Florida Republican chairman Greer resigns under pressure
State GOP leaders rally behind Sen. John Thrasher as successor.
Published: Wednesday, January 6, 2010 at 6:01 a.m.
Last Modified: Tuesday, January 5, 2010 at 11:22 p.m.
TALLAHASSEE - Bowing to months of criticism over his handling of party finances and his meddling in campaigns, Florida Republican Party Chairman Jim Greer resigned Tuesday, accusing his GOP critics of trying to "burn the house down."
Greer's resignation, which takes effect Feb. 20, represents a major setback for Gov. Charlie Crist, who had vigorously defended the chairman but on Tuesday abruptly endorsed state Sen. John Thrasher, R-Jacksonville, to become the party's new leader.
Greer, who became GOP chairman in January 2007, had drawn controversy to himself by his open endorsement of Crist in this year's U.S. Senate primary. Greer's demise and Thrasher's apparent ascension - which will have to be approved by a vote of the party's executive committee - may add momentum to former House Speaker Marco Rubio's challenge of Crist for the Republican Senate nomination.
Greer said he was stepping down because it was apparent his conservative critics - who were planning to remove the chairman in a vote this weekend in Orlando - would not relent in their efforts.
"They simply have two goals in mind, and if the first one fails, then fall back to the second one," Greer said. "And the first one is remove me as chairman, and if that doesn't work, burn the house down and try and destroy the Republican Party.
"I have made a point to put the best interest of the party before my own, even when criticisms were misdirected and invalid, and I will do so again now," Greer said. "I cannot be a participant in the shredding and tearing of the fabric of the Republican Party."
A letter backed by nine former GOP legislative leaders released this week accused Greer of interfering in primaries and misusing party funds, including "expense accounts for some elected officials, chartered jets for party leaders and other gross expenditures of funds not related to furthering the best interests of the party."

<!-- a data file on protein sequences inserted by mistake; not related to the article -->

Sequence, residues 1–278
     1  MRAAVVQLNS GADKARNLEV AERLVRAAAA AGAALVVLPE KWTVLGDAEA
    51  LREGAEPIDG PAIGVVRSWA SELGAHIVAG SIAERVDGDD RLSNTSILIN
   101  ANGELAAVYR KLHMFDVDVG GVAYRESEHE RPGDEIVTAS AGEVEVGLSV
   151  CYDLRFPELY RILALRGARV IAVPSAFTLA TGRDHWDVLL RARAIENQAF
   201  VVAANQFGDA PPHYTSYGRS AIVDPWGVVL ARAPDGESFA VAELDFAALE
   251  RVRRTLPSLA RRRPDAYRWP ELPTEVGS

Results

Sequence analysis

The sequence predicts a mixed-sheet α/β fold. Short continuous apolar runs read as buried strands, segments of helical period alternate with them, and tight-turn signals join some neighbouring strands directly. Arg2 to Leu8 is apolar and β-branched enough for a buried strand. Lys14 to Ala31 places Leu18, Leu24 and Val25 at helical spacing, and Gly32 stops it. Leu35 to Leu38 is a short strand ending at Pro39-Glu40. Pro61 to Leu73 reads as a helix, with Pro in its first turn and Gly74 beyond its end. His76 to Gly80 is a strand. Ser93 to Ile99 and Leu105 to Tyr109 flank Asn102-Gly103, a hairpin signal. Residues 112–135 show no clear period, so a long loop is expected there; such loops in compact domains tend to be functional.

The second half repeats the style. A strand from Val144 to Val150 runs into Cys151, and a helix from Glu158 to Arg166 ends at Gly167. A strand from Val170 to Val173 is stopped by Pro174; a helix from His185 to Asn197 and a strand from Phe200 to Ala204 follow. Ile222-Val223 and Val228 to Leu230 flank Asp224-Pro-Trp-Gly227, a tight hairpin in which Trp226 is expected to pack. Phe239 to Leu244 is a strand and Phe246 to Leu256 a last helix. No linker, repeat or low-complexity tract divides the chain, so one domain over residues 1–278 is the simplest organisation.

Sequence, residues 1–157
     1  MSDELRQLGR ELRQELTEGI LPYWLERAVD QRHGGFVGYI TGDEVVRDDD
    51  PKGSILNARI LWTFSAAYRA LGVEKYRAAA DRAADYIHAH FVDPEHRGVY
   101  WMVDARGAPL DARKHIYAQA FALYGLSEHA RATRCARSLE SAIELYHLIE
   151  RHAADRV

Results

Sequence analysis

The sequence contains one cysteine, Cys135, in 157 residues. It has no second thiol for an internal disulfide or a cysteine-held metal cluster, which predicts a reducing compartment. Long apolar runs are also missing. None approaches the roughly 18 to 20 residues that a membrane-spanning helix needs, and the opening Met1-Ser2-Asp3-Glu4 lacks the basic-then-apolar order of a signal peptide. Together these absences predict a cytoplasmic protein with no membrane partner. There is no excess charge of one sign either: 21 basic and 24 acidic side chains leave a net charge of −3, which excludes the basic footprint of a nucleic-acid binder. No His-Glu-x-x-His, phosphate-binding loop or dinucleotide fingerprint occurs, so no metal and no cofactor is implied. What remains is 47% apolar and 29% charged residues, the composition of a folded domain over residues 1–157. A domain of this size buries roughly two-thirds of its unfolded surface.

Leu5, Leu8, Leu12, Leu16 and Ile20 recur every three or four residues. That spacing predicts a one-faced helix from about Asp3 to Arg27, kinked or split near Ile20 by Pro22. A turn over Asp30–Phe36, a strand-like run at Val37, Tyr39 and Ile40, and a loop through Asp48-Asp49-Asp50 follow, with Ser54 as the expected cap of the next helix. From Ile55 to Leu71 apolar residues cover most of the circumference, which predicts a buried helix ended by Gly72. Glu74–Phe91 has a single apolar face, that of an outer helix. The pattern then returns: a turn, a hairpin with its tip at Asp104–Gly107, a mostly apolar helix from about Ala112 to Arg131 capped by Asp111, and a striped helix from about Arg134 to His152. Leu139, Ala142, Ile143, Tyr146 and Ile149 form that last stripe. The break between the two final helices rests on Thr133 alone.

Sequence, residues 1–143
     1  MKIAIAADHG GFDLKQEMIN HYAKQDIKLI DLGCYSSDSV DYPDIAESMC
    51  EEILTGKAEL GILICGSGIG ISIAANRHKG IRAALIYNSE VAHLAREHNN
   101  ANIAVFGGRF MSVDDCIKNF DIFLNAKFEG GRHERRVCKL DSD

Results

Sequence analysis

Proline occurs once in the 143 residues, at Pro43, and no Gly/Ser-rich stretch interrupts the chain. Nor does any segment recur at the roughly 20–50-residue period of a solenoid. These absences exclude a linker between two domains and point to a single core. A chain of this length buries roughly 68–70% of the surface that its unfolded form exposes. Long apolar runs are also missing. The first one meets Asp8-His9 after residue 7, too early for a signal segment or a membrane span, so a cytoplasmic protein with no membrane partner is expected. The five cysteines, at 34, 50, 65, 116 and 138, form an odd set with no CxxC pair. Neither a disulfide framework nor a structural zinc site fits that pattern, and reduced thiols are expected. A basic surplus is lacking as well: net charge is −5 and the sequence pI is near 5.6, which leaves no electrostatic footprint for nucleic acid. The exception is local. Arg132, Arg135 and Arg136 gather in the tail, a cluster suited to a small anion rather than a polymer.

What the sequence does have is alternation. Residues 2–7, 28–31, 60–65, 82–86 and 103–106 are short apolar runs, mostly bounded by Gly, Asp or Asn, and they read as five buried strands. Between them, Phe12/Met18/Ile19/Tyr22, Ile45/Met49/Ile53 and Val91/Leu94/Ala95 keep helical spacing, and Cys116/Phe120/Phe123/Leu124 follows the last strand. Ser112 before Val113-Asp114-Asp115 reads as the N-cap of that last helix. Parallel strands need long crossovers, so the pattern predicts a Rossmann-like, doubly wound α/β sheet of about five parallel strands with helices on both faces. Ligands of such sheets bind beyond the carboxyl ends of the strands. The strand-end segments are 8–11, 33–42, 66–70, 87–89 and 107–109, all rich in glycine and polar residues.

Without providing details, Greer said the accusations were "not true."
Some of the state's top GOP fundraisers, including many linked to former Gov. Jeb Bush, his father and his brother, had also called for Greer to step down.
Following Greer's announcement, Bush - who has deliberately taken a low-key role in state politics - issued a rare statement strongly endorsing Thrasher, who was the speaker of the state House during Bush's first two years as governor.
"Based on his commitment to conservative principles and his demonstrated leadership abilities, John Thrasher is the best equipped leader to unite our members around our common goals and values," Bush said.
Other prominent Republicans also moved quickly to endorse Thrasher, who was elected to the state Senate in a special election last fall and had previously worked as an influential lobbyist in Tallahassee. Among his supporters are Attorney General Bill McCollum, who is running for governor this year, as well as party leaders in the Legislature.
While he has the backing of the party's most prominent members, Thrasher acknowledged that his election as chairman would be contingent upon him winning support from the party's executive committee, which includes party officials from Florida's 67 counties.
"Over the coming weeks, it is my intention to meet with and speak with my fellow Republicans and ask them to support my candidacy, so that we can all work together to restore party unity and focus on victory in November 2010," Thrasher said.
Thrasher's elections could also bring new controversies as Democrats immediately began questioning how Thrasher could serve in the state Senate and also lead one of the state's top parties.
"You cannot serve two masters," said Senate Democratic leader Al Lawson of Tallahassee.
Lawson said Thrasher's election as party chairman would "threaten" the foundation of bipartisanship in the state Senate. Others questioned how Thrasher could serve as a party leader while chairing the Senate Ethics and Elections Committee, which handles all bills related to election laws.
Nationally, Democrats tried to portray Greer's ouster as a victory for the right wing of the Republican Party.
Democratic National Committee Chairman Tim Kaine said in a statement that Greer's removal "is a telling and unsettling sign about the extreme direction of the Republican Party - a direction that is narrowing the party ideologically, demographically and, ultimately, electorally."
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